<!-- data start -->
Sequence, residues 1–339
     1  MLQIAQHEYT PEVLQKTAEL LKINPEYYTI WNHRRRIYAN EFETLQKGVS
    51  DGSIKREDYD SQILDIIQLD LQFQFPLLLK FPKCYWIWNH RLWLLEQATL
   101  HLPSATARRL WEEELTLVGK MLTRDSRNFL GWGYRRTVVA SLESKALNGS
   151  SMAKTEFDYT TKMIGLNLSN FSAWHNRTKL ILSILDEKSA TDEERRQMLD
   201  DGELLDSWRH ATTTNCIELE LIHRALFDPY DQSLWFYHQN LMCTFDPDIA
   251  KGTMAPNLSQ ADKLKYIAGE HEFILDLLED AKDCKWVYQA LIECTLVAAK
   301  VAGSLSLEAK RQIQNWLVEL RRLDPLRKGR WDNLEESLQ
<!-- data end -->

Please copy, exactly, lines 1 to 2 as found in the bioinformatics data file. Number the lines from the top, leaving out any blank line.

Sequence, residues 1–339
     1  MLQIAQHEYT PEVLQKTAEL LKINPEYYTI WNHRRRIYAN EFETLQKGVS